Plan your visit
The Australian War Memorial is open to the public with a new temporary entrance.
Visitors will require timed tickets to enter the Memorial galleries, and also to attend the daily Last Post Ceremony at 4:45 pm in the Commemorative Area.
Ticket bookings open now.
Australians at war
Learn about Australia's involvement in war, from the time of the first settlement at Sydney Cove in the 18th century to our peacekeeping roles under United Nations auspices.
Explore a selection of resources related to the wartime experience of Aboriginal and Torres Strait Islander peoples.
Please be advised that the following pages contain the names, images and objects of deceased people.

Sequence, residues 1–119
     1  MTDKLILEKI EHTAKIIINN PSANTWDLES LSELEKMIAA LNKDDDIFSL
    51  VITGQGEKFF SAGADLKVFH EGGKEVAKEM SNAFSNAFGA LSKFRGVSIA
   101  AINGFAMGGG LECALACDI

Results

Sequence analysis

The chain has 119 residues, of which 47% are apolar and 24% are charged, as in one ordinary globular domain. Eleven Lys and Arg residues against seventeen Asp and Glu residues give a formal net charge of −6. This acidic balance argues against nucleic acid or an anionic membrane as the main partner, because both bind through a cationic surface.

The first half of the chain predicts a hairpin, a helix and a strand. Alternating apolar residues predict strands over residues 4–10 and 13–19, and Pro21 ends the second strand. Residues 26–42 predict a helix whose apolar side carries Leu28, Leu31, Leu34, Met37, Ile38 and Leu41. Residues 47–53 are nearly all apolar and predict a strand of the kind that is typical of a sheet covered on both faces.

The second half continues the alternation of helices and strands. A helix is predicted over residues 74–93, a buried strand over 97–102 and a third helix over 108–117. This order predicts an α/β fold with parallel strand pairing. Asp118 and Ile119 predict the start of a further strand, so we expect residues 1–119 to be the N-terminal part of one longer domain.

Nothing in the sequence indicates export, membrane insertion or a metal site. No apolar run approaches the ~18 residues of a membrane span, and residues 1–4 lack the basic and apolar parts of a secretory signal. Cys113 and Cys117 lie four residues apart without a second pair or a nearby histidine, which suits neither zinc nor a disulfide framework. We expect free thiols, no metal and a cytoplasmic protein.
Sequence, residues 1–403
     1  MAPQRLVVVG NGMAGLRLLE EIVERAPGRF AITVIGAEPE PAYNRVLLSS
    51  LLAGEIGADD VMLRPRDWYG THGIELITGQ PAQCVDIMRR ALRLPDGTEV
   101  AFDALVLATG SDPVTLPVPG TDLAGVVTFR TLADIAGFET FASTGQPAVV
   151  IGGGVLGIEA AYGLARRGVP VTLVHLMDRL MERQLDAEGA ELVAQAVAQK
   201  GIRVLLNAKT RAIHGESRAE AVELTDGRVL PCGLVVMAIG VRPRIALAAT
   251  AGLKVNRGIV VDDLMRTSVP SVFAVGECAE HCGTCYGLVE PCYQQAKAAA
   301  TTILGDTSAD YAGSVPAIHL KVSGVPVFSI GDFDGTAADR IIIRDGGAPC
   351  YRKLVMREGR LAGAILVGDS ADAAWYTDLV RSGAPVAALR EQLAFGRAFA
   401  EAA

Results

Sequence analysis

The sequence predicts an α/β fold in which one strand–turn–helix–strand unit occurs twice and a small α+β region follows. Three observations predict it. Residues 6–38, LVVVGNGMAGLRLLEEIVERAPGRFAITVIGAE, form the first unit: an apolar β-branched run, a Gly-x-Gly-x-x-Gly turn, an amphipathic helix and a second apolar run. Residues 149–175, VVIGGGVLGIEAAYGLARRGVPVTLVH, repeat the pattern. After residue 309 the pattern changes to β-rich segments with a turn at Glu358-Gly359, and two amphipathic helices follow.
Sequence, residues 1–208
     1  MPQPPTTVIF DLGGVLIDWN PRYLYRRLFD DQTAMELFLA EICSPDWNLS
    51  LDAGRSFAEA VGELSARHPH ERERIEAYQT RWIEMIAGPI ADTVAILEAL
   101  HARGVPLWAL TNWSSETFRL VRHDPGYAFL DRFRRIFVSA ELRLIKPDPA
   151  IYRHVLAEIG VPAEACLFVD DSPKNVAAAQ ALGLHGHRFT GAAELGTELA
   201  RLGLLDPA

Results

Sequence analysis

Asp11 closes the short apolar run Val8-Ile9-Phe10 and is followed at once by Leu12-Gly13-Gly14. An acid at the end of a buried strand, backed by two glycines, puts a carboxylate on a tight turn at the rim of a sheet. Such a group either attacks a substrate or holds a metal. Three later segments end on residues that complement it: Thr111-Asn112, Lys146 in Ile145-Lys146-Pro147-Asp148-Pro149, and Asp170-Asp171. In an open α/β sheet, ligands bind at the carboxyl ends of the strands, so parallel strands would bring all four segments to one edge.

3D Treasures features a selection of objects from our collection in 3D, giving you a closer view of these stories than ever before.
Sufferings of War and Service
The Australian War Memorial has worked with veterans and their advocates to commission a work of art, by artist Alex Seton, to recognise and commemorate the suffering caused by war and military service.
Pamela Tapim and Frances Visini have been the best of friends since childhood. Born and raised on Thursday Island, the two Torres Strait Islander women went to school together before joining the Royal Australian Navy in the 1970s, forging a friendship that continues to this day.
Two Indigenous Australians spent the last year of the Great War at an unlikely prisoner-of-war camp in Germany.
Fifteen-year-old Edith “Edie” Cynthia Rose Leembruggen (née Kenneison) first met Australian nurse Vivian Bullwinkel in a prisoner of war camp on Banka Island in February 1942. Their friendship would help them survive years in captivity and become the basis of a lifelong bond.